at least one cam surface for engaging a cam follower on a burn-in board; and
an actuator for moving the cam surface and the burn-in board in an oven;
the mechanism is for use in the oven for sliding a burn-in board into electrical contact with an electrical connector in the oven;
the mechanism is mounted on a door of the oven.
19. The mechanism of claim 18, wherein the actuator allows for extracting a single burn-in board.
20. The mechanism of claim 18, wherein the actuator is pneumatically actuated.
21. The mechanism of claim 18, wherein a controller is coupled to the mechanism.
22. The mechanism of claim 18, wherein the burn-in board comprises an integrated circuit device.
US12492968 2006-01-10 2009-06-26 Automated loading/unloading of devices for burn-in testing Active US8105098B2 (en)

Priority Applications (4)

Application Number Priority Date Filing Date Title
US76631606 true 2006-01-10 2006-01-10
US11424934 US7378836B2 (en) 2006-01-10 2006-06-19 Automated loading/unloading of devices for burn-in testing
US12055141 US7567076B2 (en) 2006-01-10 2008-03-25 Automated loading/unloading of devices for burn-in testing
US12492968 US8105098B2 (en) 2006-01-10 2009-06-26 Automated loading/unloading of devices for burn-in testing

Applications Claiming Priority (1)

Application Number Priority Date Filing Date Title
US12492968 US8105098B2 (en) 2006-01-10 2009-06-26 Automated loading/unloading of devices for burn-in testing

Related Parent Applications (1)

Application Number Title Priority Date Filing Date
US12055141 Division US7567076B2 (en) 2006-01-10 2008-03-25 Automated loading/unloading of devices for burn-in testing

Publications (2)

Publication Number Publication Date
US20090261854A1 true US20090261854A1 (en) 2009-10-22
US8105098B2 true US8105098B2 (en) 2012-01-31

Family

ID=39617283

Family Applications (5)

Application Number Title Priority Date Filing Date
US11424934 Expired - Fee Related US7378836B2 (en) 2006-01-10 2006-06-19 Automated loading/unloading of devices for burn-in testing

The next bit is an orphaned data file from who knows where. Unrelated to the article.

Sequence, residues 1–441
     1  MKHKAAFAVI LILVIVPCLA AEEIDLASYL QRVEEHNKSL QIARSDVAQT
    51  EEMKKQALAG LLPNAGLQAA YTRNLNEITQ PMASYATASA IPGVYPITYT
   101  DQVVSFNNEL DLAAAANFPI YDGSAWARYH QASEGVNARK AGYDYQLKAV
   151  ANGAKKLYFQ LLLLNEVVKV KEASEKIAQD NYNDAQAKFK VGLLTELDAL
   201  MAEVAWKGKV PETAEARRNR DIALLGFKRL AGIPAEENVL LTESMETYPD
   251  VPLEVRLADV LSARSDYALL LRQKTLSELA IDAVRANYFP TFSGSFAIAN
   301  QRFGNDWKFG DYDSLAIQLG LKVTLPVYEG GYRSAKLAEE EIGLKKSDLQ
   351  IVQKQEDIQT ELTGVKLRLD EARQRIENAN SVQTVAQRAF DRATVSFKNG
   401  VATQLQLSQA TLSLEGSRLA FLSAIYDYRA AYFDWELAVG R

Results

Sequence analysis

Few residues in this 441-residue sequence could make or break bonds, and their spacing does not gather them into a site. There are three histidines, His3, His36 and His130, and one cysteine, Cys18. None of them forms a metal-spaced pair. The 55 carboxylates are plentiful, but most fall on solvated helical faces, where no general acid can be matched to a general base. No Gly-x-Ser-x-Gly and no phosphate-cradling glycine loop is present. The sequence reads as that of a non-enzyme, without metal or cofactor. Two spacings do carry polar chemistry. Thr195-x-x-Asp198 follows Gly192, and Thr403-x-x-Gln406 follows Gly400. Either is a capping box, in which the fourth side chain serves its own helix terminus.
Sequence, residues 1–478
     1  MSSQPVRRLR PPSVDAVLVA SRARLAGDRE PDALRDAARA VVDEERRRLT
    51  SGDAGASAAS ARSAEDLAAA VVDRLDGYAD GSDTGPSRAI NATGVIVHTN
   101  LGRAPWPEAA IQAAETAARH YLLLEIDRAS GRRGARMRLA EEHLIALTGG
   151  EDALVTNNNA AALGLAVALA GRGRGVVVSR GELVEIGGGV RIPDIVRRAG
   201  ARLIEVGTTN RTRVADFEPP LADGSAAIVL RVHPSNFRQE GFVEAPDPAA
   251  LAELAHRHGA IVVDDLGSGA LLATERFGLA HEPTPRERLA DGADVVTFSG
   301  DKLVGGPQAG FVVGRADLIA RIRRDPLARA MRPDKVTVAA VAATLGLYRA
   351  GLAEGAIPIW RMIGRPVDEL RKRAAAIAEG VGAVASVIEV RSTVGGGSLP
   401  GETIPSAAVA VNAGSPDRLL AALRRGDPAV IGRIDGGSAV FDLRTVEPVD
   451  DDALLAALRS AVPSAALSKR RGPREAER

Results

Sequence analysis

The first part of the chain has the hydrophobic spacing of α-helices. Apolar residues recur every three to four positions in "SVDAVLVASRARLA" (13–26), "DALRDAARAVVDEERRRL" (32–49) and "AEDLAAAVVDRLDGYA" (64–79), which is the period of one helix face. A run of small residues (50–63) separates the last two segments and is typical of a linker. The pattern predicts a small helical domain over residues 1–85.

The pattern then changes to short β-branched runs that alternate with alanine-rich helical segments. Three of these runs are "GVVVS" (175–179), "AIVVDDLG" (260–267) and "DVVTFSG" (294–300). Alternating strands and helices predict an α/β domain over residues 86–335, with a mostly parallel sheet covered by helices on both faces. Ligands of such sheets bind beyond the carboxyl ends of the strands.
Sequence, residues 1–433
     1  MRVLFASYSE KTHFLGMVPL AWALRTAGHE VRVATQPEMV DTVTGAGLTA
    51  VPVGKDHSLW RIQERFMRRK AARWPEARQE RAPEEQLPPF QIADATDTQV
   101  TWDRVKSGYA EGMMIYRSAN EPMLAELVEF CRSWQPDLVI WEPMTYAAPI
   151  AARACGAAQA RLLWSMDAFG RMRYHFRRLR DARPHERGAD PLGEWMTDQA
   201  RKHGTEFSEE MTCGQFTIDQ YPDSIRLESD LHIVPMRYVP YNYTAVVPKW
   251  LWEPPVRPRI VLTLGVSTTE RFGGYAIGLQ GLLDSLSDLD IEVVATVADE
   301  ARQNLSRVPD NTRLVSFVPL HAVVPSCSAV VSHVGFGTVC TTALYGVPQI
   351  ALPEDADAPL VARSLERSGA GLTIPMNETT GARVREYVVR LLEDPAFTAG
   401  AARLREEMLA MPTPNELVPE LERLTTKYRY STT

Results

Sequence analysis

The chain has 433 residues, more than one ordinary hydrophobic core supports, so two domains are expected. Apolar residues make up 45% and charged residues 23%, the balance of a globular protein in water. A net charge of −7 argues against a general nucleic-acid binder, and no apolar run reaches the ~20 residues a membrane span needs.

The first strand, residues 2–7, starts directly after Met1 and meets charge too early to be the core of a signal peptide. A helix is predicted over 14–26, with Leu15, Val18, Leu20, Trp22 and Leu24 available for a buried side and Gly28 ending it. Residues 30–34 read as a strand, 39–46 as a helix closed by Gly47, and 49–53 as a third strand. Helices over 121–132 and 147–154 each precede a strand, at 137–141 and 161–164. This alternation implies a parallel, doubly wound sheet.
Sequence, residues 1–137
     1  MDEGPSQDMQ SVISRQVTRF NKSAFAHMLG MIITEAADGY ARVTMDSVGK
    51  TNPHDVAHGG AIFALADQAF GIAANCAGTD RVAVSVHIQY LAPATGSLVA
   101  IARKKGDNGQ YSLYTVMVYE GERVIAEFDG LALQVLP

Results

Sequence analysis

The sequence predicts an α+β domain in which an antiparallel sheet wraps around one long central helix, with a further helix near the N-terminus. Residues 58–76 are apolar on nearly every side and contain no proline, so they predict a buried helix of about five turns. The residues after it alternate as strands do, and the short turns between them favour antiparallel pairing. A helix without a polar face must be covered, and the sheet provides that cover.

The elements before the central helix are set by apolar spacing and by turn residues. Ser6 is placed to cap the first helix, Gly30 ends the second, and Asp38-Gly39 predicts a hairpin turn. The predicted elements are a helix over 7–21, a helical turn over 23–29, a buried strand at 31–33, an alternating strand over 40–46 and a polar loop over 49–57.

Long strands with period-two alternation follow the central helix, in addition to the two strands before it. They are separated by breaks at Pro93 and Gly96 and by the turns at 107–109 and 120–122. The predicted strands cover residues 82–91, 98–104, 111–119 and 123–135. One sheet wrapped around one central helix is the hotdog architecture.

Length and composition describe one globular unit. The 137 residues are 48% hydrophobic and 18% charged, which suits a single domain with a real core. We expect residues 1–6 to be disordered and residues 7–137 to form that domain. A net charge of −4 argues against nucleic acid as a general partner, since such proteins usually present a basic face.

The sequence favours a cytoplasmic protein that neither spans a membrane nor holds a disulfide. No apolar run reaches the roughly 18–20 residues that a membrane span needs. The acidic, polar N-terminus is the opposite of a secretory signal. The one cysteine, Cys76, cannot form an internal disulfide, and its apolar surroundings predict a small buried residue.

US12055141 Active US7567076B2 (en) 2006-01-10 2008-03-25 Automated loading/unloading of devices for burn-in testing
US12492968 Active US8105098B2 (en) 2006-01-10 2009-06-26 Automated loading/unloading of devices for burn-in testing
US12492922 Active 2026-08-07 US8228082B2 (en) 2006-01-10 2009-06-26 Automated loading/unloading of devices for burn-in testing
US13538646 Active 2028-06-28 US9354272B2 (en) 2006-01-10 2012-06-29 Automated loading/unloading of devices for burn-in testing

Family Applications Before (2)

Application Number Title Priority Date Filing Date
US11424934 Expired - Fee Related US7378836B2 (en) 2006-01-10 2006-06-19 Automated loading/unloading of devices for burn-in testing
US12055141 Active US7567076B2 (en) 2006-01-10 2008-03-25 Automated loading/unloading of devices for burn-in testing

Family Applications After (2)

Application Number Title Priority Date Filing Date
US12492922 Active 2026-08-07 US8228082B2 (en) 2006-01-10 2009-06-26 Automated loading/unloading of devices for burn-in testing
US13538646 Active 2028-06-28 US9354272B2 (en) 2006-01-10 2012-06-29 Automated loading/unloading of devices for burn-in testing

Country Status (1)

Country Link
US (5) US7378836B2 (en)

Cited By (2)

* Cited by examiner, † Cited by third party
Publication number Priority date Publication date Assignee Title